Mom, along with all the other ladies at the church, has started selling cosmetics. One of the pastor’s wives is their director. The ladies meet once a week at the church. I was not happy when I found out that we would be spending a fourth evening a week at the church (two for Insitute and one for evening service). We already spent all day at the church for school also. At least there was never any yelling at the cosmetics meetings.  I am to watch Brother and Sister during, but we are to stay inside. No playing on the lawn in case someone (CPS or ? not sure) would come and snatch us. Since the break-in at the church, I am noticing how sensitive I am to banging noises. It reminds me of the doors of the church being smashed just before the boys were taken from my arms. I am exhausted, and I don’t know how to deal with my irrational fear. I do not talk to anyone about it, I figure that I will eventually stop being scared. I don’t want to show my fear, for Brother and Sister will be scared. Them being scared is one of the worst things I can imagine.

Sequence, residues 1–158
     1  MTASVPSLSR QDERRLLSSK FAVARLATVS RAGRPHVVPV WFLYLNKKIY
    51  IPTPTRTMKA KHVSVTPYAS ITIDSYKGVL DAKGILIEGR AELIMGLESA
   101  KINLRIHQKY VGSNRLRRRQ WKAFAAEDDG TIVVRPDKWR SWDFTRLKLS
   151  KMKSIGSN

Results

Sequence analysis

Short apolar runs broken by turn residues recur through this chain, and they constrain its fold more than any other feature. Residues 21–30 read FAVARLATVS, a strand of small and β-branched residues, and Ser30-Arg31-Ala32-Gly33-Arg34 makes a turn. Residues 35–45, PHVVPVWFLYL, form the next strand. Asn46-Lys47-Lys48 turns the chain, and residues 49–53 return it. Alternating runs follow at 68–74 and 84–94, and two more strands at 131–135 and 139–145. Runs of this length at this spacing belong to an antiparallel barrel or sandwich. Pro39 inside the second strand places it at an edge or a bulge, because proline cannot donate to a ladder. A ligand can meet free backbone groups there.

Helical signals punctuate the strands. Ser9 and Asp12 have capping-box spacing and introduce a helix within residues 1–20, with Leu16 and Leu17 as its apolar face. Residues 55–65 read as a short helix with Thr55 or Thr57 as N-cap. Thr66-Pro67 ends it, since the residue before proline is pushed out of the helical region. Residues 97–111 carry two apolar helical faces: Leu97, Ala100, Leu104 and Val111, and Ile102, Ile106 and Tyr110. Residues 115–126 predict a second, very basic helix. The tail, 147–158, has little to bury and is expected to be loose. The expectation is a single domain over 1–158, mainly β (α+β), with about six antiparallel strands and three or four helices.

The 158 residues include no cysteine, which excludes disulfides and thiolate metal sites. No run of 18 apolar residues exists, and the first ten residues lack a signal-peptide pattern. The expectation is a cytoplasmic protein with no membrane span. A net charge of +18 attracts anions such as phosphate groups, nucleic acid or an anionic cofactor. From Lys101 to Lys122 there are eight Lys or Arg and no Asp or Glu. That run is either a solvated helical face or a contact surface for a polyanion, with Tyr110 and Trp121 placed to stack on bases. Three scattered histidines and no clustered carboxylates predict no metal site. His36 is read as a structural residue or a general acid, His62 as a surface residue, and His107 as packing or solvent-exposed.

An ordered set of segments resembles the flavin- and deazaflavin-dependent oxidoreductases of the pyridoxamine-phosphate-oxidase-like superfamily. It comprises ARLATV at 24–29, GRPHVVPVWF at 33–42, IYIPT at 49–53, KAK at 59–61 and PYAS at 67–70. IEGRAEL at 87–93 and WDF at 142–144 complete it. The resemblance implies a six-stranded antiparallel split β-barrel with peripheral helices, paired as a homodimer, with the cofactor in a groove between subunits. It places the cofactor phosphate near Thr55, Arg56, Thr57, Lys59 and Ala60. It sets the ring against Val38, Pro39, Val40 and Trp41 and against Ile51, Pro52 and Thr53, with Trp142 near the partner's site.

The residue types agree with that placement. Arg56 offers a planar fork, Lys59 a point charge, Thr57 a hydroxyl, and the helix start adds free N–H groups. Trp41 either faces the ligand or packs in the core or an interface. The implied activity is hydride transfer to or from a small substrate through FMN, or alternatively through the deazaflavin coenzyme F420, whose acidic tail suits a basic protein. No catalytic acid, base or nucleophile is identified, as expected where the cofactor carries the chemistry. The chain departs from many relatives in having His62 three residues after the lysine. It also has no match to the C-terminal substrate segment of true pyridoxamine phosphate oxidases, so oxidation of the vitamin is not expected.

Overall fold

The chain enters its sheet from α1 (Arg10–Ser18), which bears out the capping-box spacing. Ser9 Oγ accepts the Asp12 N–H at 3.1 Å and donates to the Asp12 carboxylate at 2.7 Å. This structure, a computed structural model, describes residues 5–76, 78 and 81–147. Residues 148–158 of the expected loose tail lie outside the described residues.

August 15th, 1997; it is as if the walls are falling down around us; we are finally allowed to watch the news. The whole church is gathered in the sanctuary. Kids are sitting on the floor while the adults stand. We are watching on the big screen. In the past we have gathered around this screen to watch baseball, football, boxing, or movies. The pastors would open up the snack room for us to buy snacks during those events. There were no snacks today, and everyone was silent. We had all heard that our pastors and their wives were arrested this morning, but we did not know why. We were relying on the news to tell us the details. We did know that Pastor M’s stepdaughter had recently left the church. I had not thought anything of it since people left all the time. She had recently been struck upside the head with a two by four during a service. I will never forget how she had spun around so fast that her shirt became undone. The kids were not in attendance during this service. I had been in the nursery putting babies to sleep; there was a window into the sanctuary where I saw it all but heard nothing. Just the muffled sound of inaudible yelling. People usually leave after an incident like that. It was silent in today’s sanctuary, and somehow, peaceful. Local newswoman appears in front of the courthouse “Two pastors and their wives were arrested today on charges of child molestation and assault. Their bail is set at…” I didn’t quite hear the numbers. I am in shock at the charges. Up until now, I had not realized that anything happening was out of the ordinary or illegal. The adults all started talking about how they were going to come up with the money for bail. I heard a lot of “refinance” and “second mortgage” talk. I became afraid of losing our home. Most of all, things were becoming more blurry, confusing. I had already felt somewhat detached with reality since the break in, but was feeling even more so now with the arrests. This was our first confrontation with “the world”. The associate pastor was using this to promote their cause that the outside world was evil. “The world”, according to church leadership, only wanted to take children away from parents, and pastors away from churches. As a child, I believed them, and I was scared.